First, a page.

According to the documents, Magtymova, like many other UN employees in Syria, has been staying for two years at the Four Seasons Hotel in Damascus in a spacious multi-room suite that costs $450 a night.

Among the other issues that Magtymova is facing are the discrepancies in a health project in northern Syria between what the organization paid and what equipment was found.

Several employees also confirmed that Magtymova was involved in several questionable contracts, including a transfer deal that awarded several million dollars to a supplier with whom she had personal relationships.

Other employees also reported that they were pressured to cut deals with senior officials of the Assad regime for essential supplies, such as fuel, at inflated prices.

Meanwhile, another employee close to Magtymova received $20,000 in cash to buy medicine, despite the lack of any request from the Assad government's Ministry of Health.

It is noteworthy that the UN had been widely criticized in 2016 due to the appointment of Shukria Mekdad, the wife of the current regime's Minister of Foreign Affairs, Faisal Mekdad, among the cadres of the WHO when her husband was Deputy Minister of Foreign Affairs, note that he was the one who negotiated with the UN representative to approve the annual humanitarian response plan in Syria.

The WHO had also funded a health center on the Lebanese border to treat the wounded of the Hezbollah militia before transferring them to Lebanon.

In addition, the organization also financed the Assad government's Ministry of Defense with more than $5 million through the blood bank, which in Syria belongs to the Ministry of Defense and not to the Ministry of Health.


Big Thefts

The Assad regime has a long history of corrupting and politicizing UN agencies and has repeatedly used these agencies and their funding to bypass the sanctions imposed by Western countries on several Syrian companies and personalities close to it.

In turn, the Middle East Eye website reported last July that millions of dollars in UN procurement costs in Syria go indirectly to companies close to the Assad regime.

For example, Maher al-Assad, the brother of the head of the regime, benefited from international procurement contracts to remove minerals in areas seized by the regime from the opposition and to recycle them for sale in the Hadeed metal manufacturing company owned by his close businessman, Muhammad Hamsho.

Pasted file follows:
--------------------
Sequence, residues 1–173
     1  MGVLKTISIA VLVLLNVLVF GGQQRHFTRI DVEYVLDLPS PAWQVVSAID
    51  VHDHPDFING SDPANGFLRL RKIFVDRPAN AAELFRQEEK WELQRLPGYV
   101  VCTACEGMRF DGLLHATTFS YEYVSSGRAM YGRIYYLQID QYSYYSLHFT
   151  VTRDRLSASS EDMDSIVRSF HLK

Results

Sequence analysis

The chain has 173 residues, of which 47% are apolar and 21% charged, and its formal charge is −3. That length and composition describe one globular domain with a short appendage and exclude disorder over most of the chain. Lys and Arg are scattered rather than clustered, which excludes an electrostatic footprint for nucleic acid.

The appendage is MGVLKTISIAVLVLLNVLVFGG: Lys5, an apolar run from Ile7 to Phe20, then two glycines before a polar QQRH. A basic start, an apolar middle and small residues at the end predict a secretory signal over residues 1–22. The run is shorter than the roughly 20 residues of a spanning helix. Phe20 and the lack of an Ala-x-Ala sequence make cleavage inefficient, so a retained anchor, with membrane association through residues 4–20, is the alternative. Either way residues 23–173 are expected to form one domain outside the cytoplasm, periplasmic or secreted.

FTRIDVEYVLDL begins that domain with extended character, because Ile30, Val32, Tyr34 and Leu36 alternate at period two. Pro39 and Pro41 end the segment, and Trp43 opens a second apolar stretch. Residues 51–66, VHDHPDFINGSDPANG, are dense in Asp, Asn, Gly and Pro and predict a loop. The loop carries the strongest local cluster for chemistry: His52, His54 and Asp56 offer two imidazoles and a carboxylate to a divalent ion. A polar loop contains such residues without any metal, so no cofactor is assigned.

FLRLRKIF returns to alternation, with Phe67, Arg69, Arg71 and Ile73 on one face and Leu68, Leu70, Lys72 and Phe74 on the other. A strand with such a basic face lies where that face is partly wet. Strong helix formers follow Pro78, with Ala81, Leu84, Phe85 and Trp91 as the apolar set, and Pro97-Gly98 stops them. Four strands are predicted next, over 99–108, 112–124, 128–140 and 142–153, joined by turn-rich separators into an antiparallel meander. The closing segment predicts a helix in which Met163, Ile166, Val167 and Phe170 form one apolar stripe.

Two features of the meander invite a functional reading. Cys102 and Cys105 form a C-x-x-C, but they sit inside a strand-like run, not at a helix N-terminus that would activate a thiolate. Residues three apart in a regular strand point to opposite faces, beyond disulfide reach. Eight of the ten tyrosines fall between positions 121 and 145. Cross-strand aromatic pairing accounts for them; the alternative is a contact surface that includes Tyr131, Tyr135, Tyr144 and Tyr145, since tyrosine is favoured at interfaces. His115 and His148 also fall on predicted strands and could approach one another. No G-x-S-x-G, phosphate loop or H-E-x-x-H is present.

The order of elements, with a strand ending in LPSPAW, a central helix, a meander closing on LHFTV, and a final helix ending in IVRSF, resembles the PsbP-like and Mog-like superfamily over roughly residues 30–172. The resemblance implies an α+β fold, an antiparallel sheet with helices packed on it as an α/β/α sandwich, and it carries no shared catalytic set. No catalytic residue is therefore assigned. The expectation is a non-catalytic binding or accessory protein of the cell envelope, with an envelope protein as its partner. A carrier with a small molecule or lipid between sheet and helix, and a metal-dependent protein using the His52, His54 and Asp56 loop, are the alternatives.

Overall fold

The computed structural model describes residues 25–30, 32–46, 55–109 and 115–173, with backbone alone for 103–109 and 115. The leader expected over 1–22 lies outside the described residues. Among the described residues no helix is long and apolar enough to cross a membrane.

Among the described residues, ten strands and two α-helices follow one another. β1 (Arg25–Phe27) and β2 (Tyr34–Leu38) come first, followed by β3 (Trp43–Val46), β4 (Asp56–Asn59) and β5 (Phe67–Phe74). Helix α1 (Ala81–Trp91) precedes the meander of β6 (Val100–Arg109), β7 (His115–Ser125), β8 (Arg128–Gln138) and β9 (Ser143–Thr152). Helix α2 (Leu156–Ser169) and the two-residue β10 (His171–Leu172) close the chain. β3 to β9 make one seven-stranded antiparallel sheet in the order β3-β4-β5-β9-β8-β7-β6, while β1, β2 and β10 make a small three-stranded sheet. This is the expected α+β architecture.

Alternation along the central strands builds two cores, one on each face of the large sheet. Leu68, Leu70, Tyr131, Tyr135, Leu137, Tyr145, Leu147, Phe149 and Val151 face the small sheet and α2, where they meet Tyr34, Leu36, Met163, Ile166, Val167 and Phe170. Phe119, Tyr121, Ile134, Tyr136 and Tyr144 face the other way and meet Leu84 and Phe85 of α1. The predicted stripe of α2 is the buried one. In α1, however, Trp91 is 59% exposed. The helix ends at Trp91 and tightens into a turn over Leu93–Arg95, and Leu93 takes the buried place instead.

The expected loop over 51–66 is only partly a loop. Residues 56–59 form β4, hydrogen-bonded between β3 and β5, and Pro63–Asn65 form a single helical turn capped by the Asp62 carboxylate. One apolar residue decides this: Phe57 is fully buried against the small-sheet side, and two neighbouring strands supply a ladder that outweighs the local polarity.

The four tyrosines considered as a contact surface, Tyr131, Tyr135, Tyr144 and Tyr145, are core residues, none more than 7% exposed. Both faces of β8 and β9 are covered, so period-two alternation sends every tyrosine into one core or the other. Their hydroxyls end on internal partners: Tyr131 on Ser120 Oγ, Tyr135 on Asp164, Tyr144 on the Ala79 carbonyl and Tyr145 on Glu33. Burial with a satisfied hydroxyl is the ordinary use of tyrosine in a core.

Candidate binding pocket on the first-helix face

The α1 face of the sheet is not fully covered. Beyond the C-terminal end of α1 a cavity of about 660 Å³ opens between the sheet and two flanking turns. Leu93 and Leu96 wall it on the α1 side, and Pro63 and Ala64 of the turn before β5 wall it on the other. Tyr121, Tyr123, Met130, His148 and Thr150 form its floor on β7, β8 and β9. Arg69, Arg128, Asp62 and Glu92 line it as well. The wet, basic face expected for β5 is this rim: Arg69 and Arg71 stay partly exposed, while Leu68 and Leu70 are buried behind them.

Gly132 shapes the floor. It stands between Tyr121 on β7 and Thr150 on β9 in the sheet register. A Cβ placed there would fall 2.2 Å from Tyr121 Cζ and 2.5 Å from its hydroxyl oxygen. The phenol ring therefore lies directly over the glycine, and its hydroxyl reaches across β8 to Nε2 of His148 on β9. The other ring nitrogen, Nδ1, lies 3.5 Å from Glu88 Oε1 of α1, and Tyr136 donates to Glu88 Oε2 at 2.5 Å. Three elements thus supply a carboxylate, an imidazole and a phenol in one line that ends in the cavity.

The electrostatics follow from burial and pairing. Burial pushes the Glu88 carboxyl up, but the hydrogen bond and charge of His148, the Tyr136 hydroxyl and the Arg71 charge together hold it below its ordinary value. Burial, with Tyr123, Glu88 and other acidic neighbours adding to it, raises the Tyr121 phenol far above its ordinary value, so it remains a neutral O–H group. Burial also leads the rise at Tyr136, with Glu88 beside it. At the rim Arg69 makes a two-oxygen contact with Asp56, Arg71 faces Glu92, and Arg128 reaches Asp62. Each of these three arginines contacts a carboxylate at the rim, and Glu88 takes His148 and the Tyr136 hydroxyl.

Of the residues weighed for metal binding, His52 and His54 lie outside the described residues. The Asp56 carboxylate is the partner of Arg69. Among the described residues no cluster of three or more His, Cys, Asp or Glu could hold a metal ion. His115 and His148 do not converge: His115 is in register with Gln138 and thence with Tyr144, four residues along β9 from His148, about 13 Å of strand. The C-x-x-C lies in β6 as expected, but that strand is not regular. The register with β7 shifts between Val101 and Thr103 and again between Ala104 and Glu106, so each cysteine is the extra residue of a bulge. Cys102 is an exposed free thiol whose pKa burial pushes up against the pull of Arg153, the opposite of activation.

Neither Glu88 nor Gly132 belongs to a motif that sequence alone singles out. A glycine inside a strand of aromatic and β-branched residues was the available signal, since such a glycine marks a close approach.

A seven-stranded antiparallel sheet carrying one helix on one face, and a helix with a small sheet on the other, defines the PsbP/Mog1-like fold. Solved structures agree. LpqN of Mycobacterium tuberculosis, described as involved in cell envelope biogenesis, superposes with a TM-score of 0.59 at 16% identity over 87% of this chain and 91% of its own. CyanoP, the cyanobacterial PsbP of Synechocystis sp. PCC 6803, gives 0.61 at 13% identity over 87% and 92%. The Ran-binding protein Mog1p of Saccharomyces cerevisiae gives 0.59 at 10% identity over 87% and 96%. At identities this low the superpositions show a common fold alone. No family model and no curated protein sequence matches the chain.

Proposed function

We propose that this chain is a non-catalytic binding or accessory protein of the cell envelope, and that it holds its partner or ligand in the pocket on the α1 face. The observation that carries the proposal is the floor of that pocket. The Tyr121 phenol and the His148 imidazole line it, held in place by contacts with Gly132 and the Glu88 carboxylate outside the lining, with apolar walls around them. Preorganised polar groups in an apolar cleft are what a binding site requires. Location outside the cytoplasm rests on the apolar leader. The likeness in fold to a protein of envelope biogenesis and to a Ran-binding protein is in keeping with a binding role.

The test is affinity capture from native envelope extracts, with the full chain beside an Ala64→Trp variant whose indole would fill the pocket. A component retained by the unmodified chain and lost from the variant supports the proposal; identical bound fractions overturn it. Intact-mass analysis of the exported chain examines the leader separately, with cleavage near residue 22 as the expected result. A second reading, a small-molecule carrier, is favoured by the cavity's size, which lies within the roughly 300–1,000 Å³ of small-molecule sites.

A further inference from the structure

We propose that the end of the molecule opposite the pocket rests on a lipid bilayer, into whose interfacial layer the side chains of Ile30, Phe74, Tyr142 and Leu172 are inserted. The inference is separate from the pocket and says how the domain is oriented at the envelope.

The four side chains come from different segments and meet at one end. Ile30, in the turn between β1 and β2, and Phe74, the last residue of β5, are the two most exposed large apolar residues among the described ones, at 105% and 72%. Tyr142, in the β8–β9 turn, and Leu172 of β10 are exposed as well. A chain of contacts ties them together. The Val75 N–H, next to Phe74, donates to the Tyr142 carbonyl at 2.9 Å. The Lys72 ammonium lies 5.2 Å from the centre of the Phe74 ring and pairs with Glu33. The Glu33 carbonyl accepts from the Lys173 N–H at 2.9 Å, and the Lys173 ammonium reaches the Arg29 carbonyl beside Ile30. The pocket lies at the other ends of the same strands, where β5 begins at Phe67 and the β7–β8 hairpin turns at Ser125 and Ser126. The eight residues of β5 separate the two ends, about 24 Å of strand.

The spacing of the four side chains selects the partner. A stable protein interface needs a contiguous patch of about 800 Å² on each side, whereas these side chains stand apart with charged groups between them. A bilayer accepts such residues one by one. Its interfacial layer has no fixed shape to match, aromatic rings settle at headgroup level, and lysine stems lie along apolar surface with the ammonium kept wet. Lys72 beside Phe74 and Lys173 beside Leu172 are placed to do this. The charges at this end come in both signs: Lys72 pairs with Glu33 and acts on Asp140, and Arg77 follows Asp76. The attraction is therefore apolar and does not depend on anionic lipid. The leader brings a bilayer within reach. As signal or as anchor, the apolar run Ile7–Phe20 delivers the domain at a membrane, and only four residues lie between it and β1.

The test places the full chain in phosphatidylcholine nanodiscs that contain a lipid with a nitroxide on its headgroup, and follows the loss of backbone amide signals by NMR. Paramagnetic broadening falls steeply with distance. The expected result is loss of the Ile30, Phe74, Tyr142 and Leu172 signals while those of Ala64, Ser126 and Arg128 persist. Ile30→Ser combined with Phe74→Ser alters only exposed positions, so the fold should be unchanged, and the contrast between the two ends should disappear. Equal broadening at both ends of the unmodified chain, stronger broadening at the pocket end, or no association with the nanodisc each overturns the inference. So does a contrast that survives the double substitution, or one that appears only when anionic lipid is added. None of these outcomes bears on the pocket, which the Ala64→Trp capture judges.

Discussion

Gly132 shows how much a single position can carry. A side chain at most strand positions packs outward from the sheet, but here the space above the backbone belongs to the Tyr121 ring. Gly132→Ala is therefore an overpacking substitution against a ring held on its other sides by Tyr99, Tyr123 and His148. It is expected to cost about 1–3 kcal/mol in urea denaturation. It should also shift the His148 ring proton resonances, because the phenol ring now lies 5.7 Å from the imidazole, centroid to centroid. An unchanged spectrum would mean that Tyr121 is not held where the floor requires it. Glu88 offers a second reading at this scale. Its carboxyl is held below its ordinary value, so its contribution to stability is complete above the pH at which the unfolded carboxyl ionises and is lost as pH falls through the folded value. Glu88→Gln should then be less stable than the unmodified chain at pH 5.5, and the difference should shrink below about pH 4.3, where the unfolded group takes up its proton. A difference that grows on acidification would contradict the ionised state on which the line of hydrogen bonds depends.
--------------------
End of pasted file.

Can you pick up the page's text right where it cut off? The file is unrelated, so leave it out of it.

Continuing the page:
The UN agencies have also spent at the Four Seasons Hotel in Damascus, of which a third of the Syrian Ministry of Tourism has owned more than $80 million since 2014, in addition to dozens of contracts to fund organizations that cover the provision of humanitarian aid, such as the Syrian Trust for Development headed by Asma al-Assad.

The data also indicates that UN agencies purchased goods and services during the year 2020 with a value of more than $240 million, while 17 UN agencies purchased last year with a value of less than $200 million.

International reports have indicated that the Assad regime has worked over the past years to withdraw millions of dollars in foreign aid by forcing UN agencies to transfer aid funds to the Syrian pound at the lowest official price, which caused the loss of half of the foreign aid funds for the Syrian people, according to a report issued in October 2021 by the Center for Strategic and International Studies.

The report pointed out that the Assad regime has always directed international aid to areas it considers loyal to it, impeding its access to opposition-controlled areas and diverting food baskets to its military units.

On the motives of the UN agencies contracting with companies and organizations that are considered a front for the Syrian regime, journalist Suhail al-Ghazi explained in a statement to Al-Estiklal that "the policy of the UN, which can be described as negative neutrality, and a lack of understanding of the Syrian context, in addition to the fact that the concerned officials in the UN are indifferent to the verification of their contracts."

"For these reasons, agencies are withholding the names of their main suppliers under the pretext of protecting them, which contradicts the principles of transparency that international organizations must work with. This cover-up also contributes to a decline in the confidence of the press, human rights organizations, and Syrian citizens in these organizations," he added.

Mr. al-Ghazi demanded that there be a new mechanism to prevent the Assad regime from delivering aid to the Syrians, for example: finding a mechanism for distributing aid parallel to the UN mechanism and enacting laws that require organizations to have more transparency regarding procurement and beneficiaries within the regime's areas of control.


Cholera Outbreak

Since September 10, Syria has witnessed an outbreak of cholera in several governorates for the first time since 2009.

Cholera usually appears in residential areas that suffer from scarcity of drinking water or lack of sewage systems.

On October 19, 2022, the spokesman for the Secretary-General of the UN, Stephane Dujarric, revealed that the number of deaths from cholera in Syria had reached 68, indicating that the numbers are increasing.

In his press conference, Dujarric said, "There are 807 confirmed cases of cholera across the country."

According to the UN, cholera has spread in most parts of Syria, affecting 13 out of 14 governorates in the country, adding that limited testing capabilities and a largely dysfunctional health system made it difficult to ascertain the number of cases.

According to the WHO, the number of suspected cholera cases in Syria has reached about 16,000.

Over the past days, the WHO has temporarily suspended the standard two-dose cholera vaccination regimen to be replaced by a single dose due to vaccine shortages and the increasing outbreak of the disease worldwide.